• Mel says:

      I’m not sure how to advise you on your mayo… The first thing that comes to mind is that if you like the taste of commercial mayo, you might prefer homemade with cider vinegar instead of lemon juice. You might also try reducing the amount of mustard powder to 1/4 teaspoon.

  • Love your recipes! However, I’m not able to print out the shopping list after downloading this. Any suggestions?

  • Alexas says:

    This is SOOOOOOO helpful. I need “hold my hand” instructions like this. But one problem….what if I don’t eat meat? I eat seafood but no beef, pork or chicken. Recommended substitutes?

    • Mel says:

      Obviously, you can’t make the chili or pork roast without meat 🙂

      You can sub shrimp or white fish in the pad thai. Seafood doesn’t allow for pre-cooking very well, except for steamed shrimp, so for you, I’d recommend the vegetable recipes above, then just cook fish/seafood separately each day. You might also like something like a big omelet made in advance, cut into wedges and eaten either hot or at room temp, if you want to do some pre-cooking.

      • Alexas says:

        Thanks so much. I think I’ll try the chili with veggie crumbs. You just saved me from giving up. I have NO TIME to plan and end up eating crap. This makes my desire to eat healthier totally doable!!!

  • BeckyF says:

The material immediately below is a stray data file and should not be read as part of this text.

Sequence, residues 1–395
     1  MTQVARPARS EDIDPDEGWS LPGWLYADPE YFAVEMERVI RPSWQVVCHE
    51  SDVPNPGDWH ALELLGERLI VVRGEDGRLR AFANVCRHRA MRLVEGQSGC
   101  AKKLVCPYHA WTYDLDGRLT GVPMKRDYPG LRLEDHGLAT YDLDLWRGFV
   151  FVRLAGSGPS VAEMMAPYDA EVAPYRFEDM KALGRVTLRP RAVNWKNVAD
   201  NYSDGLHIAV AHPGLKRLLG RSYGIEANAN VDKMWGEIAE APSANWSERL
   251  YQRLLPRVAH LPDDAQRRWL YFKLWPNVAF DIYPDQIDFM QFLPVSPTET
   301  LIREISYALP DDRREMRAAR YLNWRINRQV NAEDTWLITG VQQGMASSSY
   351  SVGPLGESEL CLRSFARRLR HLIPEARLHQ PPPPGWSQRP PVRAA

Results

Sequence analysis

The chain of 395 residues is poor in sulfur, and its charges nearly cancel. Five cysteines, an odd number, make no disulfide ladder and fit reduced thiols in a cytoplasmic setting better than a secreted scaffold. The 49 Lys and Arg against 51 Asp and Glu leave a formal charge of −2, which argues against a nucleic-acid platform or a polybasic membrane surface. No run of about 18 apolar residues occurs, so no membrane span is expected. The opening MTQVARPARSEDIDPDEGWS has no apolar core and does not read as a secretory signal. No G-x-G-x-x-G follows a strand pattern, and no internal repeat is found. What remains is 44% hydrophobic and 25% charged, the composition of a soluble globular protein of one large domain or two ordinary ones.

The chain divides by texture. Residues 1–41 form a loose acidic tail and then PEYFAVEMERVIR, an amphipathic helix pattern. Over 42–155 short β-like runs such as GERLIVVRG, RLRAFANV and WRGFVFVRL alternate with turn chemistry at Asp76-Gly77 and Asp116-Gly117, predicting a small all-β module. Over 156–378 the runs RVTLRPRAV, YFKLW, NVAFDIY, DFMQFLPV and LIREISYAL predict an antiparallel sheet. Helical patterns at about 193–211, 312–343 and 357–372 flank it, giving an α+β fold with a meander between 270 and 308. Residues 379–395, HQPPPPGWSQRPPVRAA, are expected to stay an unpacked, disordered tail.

Thank you thank you thank you!!! This post has me making my first Paleo jump! As a working mom of 2 young ones, the idea of a completely flexible heat-n-eat after a long day rocks. I’m looking forward to freezing leftovers (hello, lunches!). A thousand times, thank you!! I’m doing a happy dance as my sweet potatoes are finishing up.

  • Linda says:

    This is so inspiring…I have a few questions:
    1. I make a smoothie almost every day (spinach banana celery chia seeds) how do i incorporate this in the diet
    2. I eat VAST amounts of fruit. I mean it. I’m almost addicted to apples and carrots. Are they ok? do i eat them after my meal as i see snacks aren’t really common?

    • Mel says:

      Smoothies are not technically forbidden on the Whole30, but they’re not recommended. You can read all about the details and rationale of the program here http://whole30.com/whole30-program-rules/, then you can make your decision about if you want to keep your smoothies. It’s totally up to you.

      As for fruit, if you have a “sugar demon” issue, a ton of fruit isn’t a great idea — it will just keep firing up your sugar cravings. A general rule of thumb is 1-2 servings of fruit per day. Again, the program guidelines can give you more on that. You might also want to visit the Whole30 forum where experts on the program can answer your questions. http://forum.whole9life.com/